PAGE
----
Making Raw Apple Cider Vinegar


Apple Cider Vinegar (ACV) is a staple in my kitchen because of its hundreds of uses internally + externally for the body and around the house. I will do another post soon on detailed uses of vinegars for our health and home. For instance, throughout the fall and winter, I make tonics with my homemade vinegars (recipes to follow shortly, but the first step is making vinegar!).

In the United States, Bragg’s is an easy-to-find brand of raw apple cider vinegar with the “Mother” or Symbiotic Culture Of Bacteria and Yeast (SCOBY), a complex structure of beneficial acids and enzymes that are the source of vinegar's magic. You want raw vinegar for its myriad of beneficial properties which pasteurized vinegars do not have (what’s the point of pasteurized vinegar anyway?!).

In France, there isn’t a comparable brand of raw ACV that's easy to find so making your own is a fantastic solution. And if you get to the point where you are using a lot of vinegar, buying commercial ACV will become very expansive. Below is a formula for making your own vinegar. It’s easy, I promise. Once you get going you’ll be on your way to vinegar abundance and even closer to self-sufficiency.

Without further ado…

If you already have a SCOBY - hurray! If not, and you are in the Paris area, I can give you one. Otherwise, you can use a raw cider vinegar with the “Mother” present as a substitute. Eventually SCOBYs will form and you can use them to start future batches.

pressing apples

pressing apples

1.    Find raw organic apple cider from a local orchard or press your own with a juicer. You need raw cider as it contains organisms and enzymes necessary to turn into vinegar. Pasteurized cider will not ferment, instead it will develop mold and other unwanteds. 2 kilos of apples will make about 1 liter of cider, select a variety of different apples for complexity and leave the skin on when you press them – there is yeast on the skin that is required for fermentation.

2.    Use a glass canning jar(s) with a wide-mouth. Add your SCOBY + a splash of raw ACV (to help it along), to the raw apple cider you bought or pressed. Leave about an inch of room from the top of the jar. If you don’t already have a SCOBY you can use more raw apple cider vinegar but you need to make sure it has the “Mother”. You can use the Bragg’s brand, for instance, or any other raw cider vinegar with the “Mother” that’s bought or given to you. If you are not using a SCOBY to kick start your vinegar ferment, it will take longer, but that’s ok!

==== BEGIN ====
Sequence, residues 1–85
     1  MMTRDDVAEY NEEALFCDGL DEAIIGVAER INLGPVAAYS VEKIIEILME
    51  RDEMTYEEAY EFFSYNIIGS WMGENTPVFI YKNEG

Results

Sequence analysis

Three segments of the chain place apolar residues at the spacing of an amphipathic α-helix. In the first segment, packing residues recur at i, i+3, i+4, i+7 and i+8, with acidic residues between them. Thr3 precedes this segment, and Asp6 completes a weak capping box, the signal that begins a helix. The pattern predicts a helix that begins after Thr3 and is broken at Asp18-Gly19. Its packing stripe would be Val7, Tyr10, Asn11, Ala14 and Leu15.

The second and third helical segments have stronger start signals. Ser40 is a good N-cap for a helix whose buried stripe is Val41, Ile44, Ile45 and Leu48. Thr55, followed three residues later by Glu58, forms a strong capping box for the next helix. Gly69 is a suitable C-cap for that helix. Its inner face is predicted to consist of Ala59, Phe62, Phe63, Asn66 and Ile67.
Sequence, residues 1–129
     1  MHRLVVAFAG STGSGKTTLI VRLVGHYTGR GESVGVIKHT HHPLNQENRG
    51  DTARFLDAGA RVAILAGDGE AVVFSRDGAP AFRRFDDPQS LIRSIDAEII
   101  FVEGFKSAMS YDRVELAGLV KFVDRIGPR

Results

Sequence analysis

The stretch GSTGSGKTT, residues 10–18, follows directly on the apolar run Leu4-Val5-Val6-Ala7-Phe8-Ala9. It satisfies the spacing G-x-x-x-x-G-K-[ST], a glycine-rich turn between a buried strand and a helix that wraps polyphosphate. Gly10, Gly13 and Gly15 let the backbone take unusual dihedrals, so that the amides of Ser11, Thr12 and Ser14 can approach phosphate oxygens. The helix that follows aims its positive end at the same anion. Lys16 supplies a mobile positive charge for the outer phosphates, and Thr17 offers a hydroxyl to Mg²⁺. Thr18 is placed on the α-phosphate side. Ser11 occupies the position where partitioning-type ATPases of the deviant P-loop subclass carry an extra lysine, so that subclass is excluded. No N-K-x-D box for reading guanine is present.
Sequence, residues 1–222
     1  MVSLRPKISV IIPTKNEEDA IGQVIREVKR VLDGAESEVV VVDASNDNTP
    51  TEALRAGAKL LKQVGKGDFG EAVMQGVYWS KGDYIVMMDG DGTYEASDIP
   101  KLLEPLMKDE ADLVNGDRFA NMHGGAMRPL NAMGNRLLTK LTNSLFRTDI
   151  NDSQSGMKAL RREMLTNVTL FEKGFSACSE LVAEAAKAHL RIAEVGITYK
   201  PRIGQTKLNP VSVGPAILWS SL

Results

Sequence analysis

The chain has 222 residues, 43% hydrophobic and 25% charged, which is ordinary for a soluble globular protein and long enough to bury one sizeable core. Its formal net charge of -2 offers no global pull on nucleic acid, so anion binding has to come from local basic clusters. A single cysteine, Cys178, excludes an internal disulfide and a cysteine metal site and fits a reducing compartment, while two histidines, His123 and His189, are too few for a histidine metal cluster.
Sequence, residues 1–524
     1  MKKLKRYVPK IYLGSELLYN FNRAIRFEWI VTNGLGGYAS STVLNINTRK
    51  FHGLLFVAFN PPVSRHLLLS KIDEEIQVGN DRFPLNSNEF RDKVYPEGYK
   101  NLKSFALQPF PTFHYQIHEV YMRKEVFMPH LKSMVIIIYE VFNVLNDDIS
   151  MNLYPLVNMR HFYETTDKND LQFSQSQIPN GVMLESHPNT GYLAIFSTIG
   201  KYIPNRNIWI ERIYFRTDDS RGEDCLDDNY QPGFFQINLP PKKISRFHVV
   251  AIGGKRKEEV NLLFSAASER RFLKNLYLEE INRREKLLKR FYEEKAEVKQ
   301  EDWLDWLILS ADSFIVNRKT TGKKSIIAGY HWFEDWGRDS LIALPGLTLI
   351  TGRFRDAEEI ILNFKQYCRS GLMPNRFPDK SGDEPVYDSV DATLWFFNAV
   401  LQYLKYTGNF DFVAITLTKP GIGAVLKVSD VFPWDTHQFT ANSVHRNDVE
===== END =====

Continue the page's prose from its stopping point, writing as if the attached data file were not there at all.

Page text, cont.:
3.    Cover the jar with a cotton napkin, t-shirt, handkerchief or cheese cloth, and fasten around the jar with a rubber band. This is so bugs stay out of your ferment but allows air to circulate.

4.    Place in dark cabinet, on top of a towel in case there is overflow, for 4-8 weeks. You will notice bubbles rising to the top during the first few weeks.

Placing a Scoby into a fresh raw batch of cider

Placing a Scoby into a fresh raw batch of cider

5.    Taste test after 4 weeks. Is it sour? Has a new SCOBY formed? These are all good signs.

6.    Once the SCOBY has dropped to the bottom of the jar and a new baby SCOBY has formed and covers the top of the jar, your ACV is basically ready.

7.    Taste your ACV again. Does it taste like you expect it to? It should taste sour (but not metallic or bitter). ACV will also mellow with age.

8.    Save your SCOBY in a glass jar, covered with 1/2 inch of the vinegar.  Keep it in the fridge for your next batch, or start a new batch with it right away.

9.    Now pour off your new vinegar from your fermenting jars into glass bottles and cap. Leave the sludge in the bottom of the jars, along with any poorly formed SCOBYs touse for your next batch.  Vinegar contains acetic acid, in the same family as acetone, so it’s sterile anyway.

Similar to wine and other ferments, the vinegar will improve in flavor if you let it age a few months.  Some of the harshness will be removed in the aging process and the flavor will get smoother.  But you can use it right away, without aging if you want to.

Once you have a good tasting apple cider vinegar, save the SCOBY in a glass jar, moistened with vinegar, and place in the fridge for storage, or use it right way for your next batch.